(Oct 16) -- The Financial Stability Oversight Council held closed and open sessions at the Department of the Treasury. During the closed session, FSOC discussed its 2018 annual report; the ongoing reevaluation of its designation of a nonbank financial company; Brexit and its potential effects on U.S. financial markets and institutions, and steps regulators are taking to identify and address such effects. In the open session, FSOC received an update from the Federal Reserve on alternative reference rates, including the adoption of the Secured Overnight Financing Rate (SOFR), heard a presentation from the Office of Financial Research on its proposed rule to collect data on centrally cleared repurchase agreements, and voted unanimo usly to authorize the OFR to share with the Federal Reserve Bank of New York the data the OFR will collect under its final rule. FSOC also voted to approve the  minutes  from i ts Sept. 12 meeting.
SEC decision on market data fees
NYSE sees no immediate change to products, fees
(Oct 17) -- The Securities and Exchange Commission's decision regarding market data fees relating to NYSE Arca book, according to the New York Stock Exchange, represents "a troubling shift by the SEC from its core mission of ensuring the long-term health of financial markets to an agenda of regulatory overreach, prioritizing the interests of powerful Wall Street interests over those of retail investors and listed companies." The NYSE believes the SEC's decision will not withstand the NYSE's challenge, and doesn't believe there will be any immediate change to the products that the NYSE delivers to customers or their associated fees, it said.
The Cyber Cafe
Cybersecurity news every Friday
FICO, Chamber of Commerce release tool to score businesses on cybersecurity
The tool, called the Assessment of Business Cybersecurity (ABC), uses an algorithm known as the FICO Cyber Risk Score to determine how secure a business or business sector is. The algorithm considers factors like the health of a company's network infrastructure and the scope of their internet-exposed systems to reach a score, similar to a credit score.

What are the biggest cybersecurity trends of 2018?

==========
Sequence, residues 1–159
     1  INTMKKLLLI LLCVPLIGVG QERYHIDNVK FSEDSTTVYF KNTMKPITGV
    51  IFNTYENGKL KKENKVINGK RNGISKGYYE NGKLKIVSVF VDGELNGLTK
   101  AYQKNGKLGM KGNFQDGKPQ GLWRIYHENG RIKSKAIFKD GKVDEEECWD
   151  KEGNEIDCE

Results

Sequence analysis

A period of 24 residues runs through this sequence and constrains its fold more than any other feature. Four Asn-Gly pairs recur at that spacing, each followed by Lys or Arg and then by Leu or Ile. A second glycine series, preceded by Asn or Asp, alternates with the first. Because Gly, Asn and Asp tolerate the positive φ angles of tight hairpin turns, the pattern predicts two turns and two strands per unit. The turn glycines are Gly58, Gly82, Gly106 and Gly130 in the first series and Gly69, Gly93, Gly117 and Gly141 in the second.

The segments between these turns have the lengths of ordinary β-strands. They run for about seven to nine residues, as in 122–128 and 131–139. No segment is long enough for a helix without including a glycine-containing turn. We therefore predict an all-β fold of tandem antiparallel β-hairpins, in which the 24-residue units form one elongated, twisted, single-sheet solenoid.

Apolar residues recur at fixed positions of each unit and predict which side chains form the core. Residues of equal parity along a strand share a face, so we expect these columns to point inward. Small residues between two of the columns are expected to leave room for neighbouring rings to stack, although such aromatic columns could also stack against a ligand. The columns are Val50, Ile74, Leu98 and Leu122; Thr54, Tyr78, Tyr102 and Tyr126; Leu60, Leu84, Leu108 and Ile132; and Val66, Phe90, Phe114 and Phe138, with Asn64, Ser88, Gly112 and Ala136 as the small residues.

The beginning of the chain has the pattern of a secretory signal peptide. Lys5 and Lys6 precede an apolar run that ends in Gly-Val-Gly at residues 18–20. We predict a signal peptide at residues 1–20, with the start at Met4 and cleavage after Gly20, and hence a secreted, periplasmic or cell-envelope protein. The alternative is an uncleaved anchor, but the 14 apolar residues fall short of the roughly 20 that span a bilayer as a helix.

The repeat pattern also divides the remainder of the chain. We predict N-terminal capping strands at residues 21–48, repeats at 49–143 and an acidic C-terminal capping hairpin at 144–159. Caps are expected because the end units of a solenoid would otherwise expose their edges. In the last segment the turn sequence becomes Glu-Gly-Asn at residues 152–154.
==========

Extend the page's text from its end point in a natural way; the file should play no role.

The answer to that question, from Chris Evans, head of security at Dropbox, includes the use of SaaS software, and hiring cybersecurity professionals.

SEC warns corporate cyber weakness could violate federal law
Public companies that fail to tighten their cyber security controls could be violating federal law, the Securities and Exchange Commission said. The regulator's warning came in the form of a report on its investigation to assess whether nine companies that had been victims of cyber-related frauds had sufficient internal accounting controls in place as required by law.  
Binge reading disorder
Hand-curated, chosen with love
Buckle up! Here's a timeline of George Soros conspiracy theories
With his latest  tweet about "Soros-funded" Kavanaugh protesters , President Trump was kicking it old school. After all, the George-Soros-as-most-evil-man-on-earth meme started in the early 1990s as one of the first disinformation campaigns of the post-Soviet empire. (Of course, it all goes back to Russia.)

Your first 90 days in hell
Hell recently did away with assigned seating, opting instead for 'activity-based workstations,' which have proved a very effective form of psychological torture.

The Onion's guide to blockchain technology
Blockchain technology forms the foundation for cryptocurrencies such as Bitcoin, Dogecoin, and Ethereum, but it can be difficult to understand how it actually works. The Onion answers common questions about blockchain technology.
- The Onion